Emmy has been after me to include my recipe for what she has named “Lemon-Garlic-Salt-Paste-OMG-What?!” – it really helps make this soup, so here you go: in your food processor, place one large lemon cut into quarters, three garlic cloves, and a teaspoon of salt. Process until a paste forms, adding a little bit of olive oil if needed to keep things moving. Place in a jar, just barely cover with olive oil, and let sit for a few days before using. (On day one lemon will dominate, but within a few days the garlic will come out to play and might even try to take over). I whisk a teaspoon of this stuff with a little olive oil and red wine vinegar (or more lemon juice) for instant salad dressing, mix it in stir fries, toss it with dry-pan wilted greens, smear it on buttered bread that goes under the broiler and then gets a poached egg on top. Its uses are limited only by your imagination.

A note on the Herbed Drizzling Oil: this is a simple infusion. If you’re feeling fancy, you could try something along the lines of one of Emmy’s many options, or this beauty from Heidi. To make the one I used on this soup, simply heat a little olive oil over low heat with a few sprigs of rosemary and thyme, until just before it starts to sizzle. Turn off the heat, and let it sit for at least thirty minutes (longer sitting time = more intense flavor). Strain out the herbs and store any leftover oil at room temperature for a week or so.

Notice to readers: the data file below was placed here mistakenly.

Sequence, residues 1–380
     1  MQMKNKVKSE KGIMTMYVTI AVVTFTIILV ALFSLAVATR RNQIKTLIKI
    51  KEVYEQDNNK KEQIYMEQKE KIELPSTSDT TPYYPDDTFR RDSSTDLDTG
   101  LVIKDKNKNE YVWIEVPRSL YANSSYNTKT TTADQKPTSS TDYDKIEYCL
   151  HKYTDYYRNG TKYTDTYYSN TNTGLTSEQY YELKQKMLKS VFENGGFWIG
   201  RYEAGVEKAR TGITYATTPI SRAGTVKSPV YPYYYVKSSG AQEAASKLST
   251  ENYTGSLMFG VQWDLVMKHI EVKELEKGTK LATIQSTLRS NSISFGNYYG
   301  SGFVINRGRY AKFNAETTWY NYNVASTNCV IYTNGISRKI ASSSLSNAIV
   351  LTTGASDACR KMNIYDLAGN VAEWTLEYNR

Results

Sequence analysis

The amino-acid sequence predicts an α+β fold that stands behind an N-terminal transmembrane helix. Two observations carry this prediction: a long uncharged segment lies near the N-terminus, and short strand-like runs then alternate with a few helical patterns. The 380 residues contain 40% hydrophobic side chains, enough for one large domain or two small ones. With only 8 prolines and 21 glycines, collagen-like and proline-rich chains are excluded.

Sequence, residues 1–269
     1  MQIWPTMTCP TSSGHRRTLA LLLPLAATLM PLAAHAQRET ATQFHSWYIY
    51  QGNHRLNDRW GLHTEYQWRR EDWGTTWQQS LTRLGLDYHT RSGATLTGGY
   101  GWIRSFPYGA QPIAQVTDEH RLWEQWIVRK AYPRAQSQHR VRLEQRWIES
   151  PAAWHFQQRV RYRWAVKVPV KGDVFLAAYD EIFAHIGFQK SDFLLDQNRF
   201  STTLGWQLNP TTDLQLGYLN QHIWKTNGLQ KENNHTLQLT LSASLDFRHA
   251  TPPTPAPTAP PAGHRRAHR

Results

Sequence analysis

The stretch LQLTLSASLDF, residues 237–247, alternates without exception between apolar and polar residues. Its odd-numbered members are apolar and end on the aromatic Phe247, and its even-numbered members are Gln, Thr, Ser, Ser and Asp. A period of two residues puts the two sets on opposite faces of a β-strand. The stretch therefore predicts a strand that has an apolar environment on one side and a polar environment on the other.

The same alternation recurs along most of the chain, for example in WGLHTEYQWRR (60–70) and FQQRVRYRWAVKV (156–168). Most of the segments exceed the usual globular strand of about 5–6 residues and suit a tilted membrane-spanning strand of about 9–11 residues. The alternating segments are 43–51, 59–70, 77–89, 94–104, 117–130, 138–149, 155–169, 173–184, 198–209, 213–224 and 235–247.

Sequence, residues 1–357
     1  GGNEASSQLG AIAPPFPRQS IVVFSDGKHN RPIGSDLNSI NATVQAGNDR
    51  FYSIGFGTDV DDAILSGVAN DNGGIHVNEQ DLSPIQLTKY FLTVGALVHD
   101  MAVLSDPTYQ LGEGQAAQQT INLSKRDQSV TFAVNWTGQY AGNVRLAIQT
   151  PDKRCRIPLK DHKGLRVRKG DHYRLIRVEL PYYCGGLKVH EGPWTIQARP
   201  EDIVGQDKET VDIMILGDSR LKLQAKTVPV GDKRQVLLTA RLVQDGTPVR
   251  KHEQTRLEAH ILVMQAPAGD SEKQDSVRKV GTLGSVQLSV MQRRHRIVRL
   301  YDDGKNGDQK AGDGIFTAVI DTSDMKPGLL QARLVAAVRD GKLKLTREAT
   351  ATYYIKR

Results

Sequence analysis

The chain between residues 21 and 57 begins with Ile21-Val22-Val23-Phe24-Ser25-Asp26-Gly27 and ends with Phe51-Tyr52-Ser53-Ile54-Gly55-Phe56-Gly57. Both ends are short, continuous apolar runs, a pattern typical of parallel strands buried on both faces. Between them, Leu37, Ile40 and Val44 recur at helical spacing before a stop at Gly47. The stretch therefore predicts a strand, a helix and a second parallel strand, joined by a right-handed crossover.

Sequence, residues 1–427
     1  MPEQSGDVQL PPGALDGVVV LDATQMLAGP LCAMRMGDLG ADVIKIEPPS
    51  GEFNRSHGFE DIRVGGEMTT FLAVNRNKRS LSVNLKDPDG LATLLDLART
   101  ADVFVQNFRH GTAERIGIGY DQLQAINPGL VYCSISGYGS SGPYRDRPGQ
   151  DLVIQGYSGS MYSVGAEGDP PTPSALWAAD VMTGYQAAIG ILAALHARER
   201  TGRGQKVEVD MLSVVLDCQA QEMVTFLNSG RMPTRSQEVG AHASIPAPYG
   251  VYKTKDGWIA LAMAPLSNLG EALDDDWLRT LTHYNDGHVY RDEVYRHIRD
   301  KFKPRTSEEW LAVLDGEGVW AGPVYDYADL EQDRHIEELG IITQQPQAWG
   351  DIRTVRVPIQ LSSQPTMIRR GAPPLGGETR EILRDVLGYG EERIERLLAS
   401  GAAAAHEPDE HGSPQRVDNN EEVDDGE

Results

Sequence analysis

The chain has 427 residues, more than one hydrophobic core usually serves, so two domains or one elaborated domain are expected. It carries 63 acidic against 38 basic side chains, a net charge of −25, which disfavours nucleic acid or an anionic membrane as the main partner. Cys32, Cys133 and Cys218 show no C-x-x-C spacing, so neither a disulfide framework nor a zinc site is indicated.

And lastly, about that crème fraîche – you can make your own, or use my favorite … yum.

1 pound Chestnut beans, cooked, cooking liquid reserved
1 tablespoon olive oil
1 large onion, peeled and chopped
3 large carrots, peeled and chopped
1 heaping tablespoon lemon-garlic paste (see head note)
1 bunch kale, chopped into ~ 1-inch square pieces (optional: remove stems before chopping if you prefer less chew in your final product … I leave them on, but do as you will)
Salt and pepper